More information about the safety of flu vaccines is available at Influenza Vaccine Safety.

Vaccine Supply and Distribution

How much influenza vaccine is projected to be available for the 2019-2020 influenza season?

Flu vaccine is produced by private manufacturers, so supply depends on manufacturers. Vaccine manufacturers have projected that they will supply as many as 162 million to 169 million doses of influenza vaccine for the 2019-2020 season.

Where can I find information about vaccine supply?

Information about vaccine supply is available on the CDC’s Vaccine Supply & Distribution webpage.

Special Consideration Regarding Egg Allergy

People with egg allergies can receive any licensed, recommended age-appropriate influenza (flu) vaccine (IIV, RIV4, or LAIV4) that is otherwise appropriate. People who have a history of severe egg allergy (those who have had any symptom other than hives after exposure to egg) should be vaccinated in a medical setting, supervised by a health care provider who is able to recognize and manage severe allergic reactions.

Flu shot season is upon us.

Three years ago, STAT laid out some of the questions surrounding flu vaccination in an article you can find here. Lots of flu vaccine studies have been published in the interval — clearing up some of the questions we raised, adding to the confusion with others.

Given that a lot of you are either about to roll up a sleeve or are debating whether you should, we decided to revisit the issues we explored previously, based on new information. We’ll also raise a few more questions percolating in the world of influenza science.

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Is it too soon to get your flu shot? And is it possible to wait too long?

One of the questions about flu vaccine relates to how long its protection lasts. In particular, researchers have been exploring whether that protection erodes during the course of a single season — and if it does, how quickly.

If you get vaccinated in August or September and flu season really only takes off in January, how much protection will you have left? On the other hand if you wait until December to get your shot, what if flu season starts early?

It’s now pretty clear that “intra-season waning” — the erosion of protection within a season — does occur. A study from the Centers for Disease Control and Prevention published in 2017 estimated the decline at about 7% a month from the time of vaccination. A study from the Kaiser Permanente Vaccine Study Center published this spring suggested the erosion was more rapid: roughly 16% for every block of 28 days after vaccination.

Marc Lipsitch, an infectious diseases epidemiologist at Harvard University’s T.H. Chan School of Public Health, had concerns that the methodology used in the latter study might have been flawed. He worked with the researchers to reanalyze the data using a different study design. They reached the same conclusion.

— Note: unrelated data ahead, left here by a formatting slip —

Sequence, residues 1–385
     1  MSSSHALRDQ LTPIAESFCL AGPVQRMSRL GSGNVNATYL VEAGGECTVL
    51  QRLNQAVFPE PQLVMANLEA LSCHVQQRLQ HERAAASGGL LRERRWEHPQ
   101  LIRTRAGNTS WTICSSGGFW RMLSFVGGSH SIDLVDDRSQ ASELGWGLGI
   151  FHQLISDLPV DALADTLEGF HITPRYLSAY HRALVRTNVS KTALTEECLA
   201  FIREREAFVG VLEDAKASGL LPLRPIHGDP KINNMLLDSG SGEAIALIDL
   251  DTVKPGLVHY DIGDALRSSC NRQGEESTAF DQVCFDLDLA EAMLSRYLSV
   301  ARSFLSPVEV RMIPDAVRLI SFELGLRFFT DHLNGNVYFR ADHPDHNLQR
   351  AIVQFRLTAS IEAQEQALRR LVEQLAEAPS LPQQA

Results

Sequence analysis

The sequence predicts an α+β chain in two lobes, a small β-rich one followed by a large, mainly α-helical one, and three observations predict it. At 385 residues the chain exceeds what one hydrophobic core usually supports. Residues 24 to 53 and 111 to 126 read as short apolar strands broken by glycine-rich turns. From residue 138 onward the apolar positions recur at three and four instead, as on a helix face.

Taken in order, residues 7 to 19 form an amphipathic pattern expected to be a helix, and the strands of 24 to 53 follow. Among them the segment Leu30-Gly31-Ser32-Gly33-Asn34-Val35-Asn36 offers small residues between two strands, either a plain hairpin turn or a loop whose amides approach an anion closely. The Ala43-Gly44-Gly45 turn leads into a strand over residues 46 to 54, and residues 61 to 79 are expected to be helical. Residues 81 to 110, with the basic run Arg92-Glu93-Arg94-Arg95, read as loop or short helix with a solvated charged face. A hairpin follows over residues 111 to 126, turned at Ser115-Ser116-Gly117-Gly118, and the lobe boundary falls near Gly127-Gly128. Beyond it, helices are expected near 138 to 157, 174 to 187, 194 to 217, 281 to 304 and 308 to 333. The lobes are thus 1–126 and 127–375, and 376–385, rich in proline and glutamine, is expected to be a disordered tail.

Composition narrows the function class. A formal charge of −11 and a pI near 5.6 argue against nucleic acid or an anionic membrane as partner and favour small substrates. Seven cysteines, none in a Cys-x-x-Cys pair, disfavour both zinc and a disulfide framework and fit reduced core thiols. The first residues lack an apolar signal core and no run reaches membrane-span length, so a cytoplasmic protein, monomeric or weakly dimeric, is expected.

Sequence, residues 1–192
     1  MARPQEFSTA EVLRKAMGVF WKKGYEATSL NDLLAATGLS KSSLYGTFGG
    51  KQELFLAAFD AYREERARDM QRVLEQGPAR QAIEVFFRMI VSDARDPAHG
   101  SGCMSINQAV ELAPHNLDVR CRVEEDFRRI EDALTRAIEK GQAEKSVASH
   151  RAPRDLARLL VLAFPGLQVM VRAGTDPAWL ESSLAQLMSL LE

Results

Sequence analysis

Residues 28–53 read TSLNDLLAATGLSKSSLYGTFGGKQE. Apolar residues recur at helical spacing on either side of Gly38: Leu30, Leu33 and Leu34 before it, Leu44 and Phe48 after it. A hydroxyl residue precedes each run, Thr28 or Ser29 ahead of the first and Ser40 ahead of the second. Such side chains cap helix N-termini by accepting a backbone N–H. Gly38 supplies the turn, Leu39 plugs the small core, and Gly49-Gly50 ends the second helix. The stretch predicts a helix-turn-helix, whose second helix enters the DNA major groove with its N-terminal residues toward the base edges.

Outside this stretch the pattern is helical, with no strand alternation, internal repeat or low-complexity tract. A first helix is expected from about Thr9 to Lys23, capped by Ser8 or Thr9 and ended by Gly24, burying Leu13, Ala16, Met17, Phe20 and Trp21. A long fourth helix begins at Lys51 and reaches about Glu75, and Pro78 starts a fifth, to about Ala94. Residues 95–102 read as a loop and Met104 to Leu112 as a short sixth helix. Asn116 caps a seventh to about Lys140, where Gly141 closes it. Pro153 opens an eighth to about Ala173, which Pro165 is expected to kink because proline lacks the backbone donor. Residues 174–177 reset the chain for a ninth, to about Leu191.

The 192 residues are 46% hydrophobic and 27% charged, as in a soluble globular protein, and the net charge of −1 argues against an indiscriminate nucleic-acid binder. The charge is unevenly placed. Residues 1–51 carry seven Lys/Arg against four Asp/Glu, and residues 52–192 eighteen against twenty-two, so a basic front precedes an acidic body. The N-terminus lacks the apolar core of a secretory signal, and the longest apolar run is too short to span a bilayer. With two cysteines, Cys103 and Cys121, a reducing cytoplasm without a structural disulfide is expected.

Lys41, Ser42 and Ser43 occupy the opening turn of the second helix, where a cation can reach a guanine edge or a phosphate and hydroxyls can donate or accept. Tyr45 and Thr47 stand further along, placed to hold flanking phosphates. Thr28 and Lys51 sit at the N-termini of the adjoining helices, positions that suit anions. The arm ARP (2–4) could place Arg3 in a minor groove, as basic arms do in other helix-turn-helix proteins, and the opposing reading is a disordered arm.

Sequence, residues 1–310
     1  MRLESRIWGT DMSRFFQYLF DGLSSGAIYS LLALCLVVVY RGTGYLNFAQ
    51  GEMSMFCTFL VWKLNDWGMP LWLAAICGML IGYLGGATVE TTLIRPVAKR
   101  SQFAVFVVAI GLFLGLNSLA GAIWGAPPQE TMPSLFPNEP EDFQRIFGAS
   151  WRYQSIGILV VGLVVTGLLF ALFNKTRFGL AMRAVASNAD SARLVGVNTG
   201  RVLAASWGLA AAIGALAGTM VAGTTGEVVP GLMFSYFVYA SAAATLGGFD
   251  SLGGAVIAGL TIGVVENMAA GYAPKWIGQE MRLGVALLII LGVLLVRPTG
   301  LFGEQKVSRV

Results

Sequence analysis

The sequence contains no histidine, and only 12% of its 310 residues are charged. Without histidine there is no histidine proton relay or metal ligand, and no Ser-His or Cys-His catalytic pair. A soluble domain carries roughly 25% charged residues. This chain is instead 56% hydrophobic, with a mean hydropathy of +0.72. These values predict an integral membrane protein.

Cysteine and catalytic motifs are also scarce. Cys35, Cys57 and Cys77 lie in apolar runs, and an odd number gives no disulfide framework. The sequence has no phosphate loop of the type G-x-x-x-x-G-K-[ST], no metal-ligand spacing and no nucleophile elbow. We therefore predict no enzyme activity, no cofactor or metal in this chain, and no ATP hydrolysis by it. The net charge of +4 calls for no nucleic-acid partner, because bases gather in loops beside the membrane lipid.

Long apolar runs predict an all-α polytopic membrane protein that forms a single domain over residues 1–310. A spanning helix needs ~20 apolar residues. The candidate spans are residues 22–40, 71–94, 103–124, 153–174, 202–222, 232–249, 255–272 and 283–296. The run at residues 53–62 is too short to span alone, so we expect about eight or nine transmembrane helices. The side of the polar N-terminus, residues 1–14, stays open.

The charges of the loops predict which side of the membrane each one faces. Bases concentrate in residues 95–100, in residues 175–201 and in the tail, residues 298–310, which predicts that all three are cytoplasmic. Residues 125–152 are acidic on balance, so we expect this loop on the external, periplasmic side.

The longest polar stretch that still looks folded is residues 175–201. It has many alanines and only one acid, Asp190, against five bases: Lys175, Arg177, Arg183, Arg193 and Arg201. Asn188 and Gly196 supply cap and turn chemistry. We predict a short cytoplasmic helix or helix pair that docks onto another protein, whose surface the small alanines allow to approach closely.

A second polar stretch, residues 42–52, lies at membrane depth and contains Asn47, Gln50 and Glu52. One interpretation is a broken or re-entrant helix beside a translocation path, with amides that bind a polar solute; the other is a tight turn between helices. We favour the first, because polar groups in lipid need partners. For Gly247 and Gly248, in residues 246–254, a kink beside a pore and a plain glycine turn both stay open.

“I think the best estimate at the moment with the tools we have — which are pretty good but not perfect — is that there is substantial waning,” Lipsitch said.

This is a situation, though, where what’s best from a scientific point of view isn’t necessarily what’s doable from a real world point of view. The annual flu vaccination program is a massive endeavor.

About 45% of the U.S. population gets a flu shot, more than in any other country in the world. Given the demands that places on health care delivery — and the evidence that people who leave getting a flu shot too late often don’t get one in the end — the CDC recommends people try to get vaccinated before the end of October.

“It is a big logistic issue for the health care system in the U.S. every year,” said Dr. Dan Jernigan, director of the agency’s influenza division. “We think getting it around the October time frame is good, but any time from September to November is better than not getting it.”

Still, given the evidence of waning protection, Lipsitch argued it is “perfectly reasonable and probably best” for people to get a flu shot later, if they can, and for flu shot clinic organizers to keep waning in mind. “It’s no harder to hold three flu clinics in October and November than it is to hold them in September and August.”

Is FluMist effective? Can I get it?

FluMist, the only non-injected influenza vaccine, has been through a rough patch. This year could have been the vaccine’s comeback — but it won’t be.

Made by AstraZeneca, FluMist suffered a major setback when the expert committee that advises the CDC on vaccines recommended it not be used for the 2016-2017 flu season, and later the 2017-2018 flu season as well. Data collected over the previous three years suggested it hadn’t been effective. That virtually sealed off most of the U.S. market to FluMist for two years.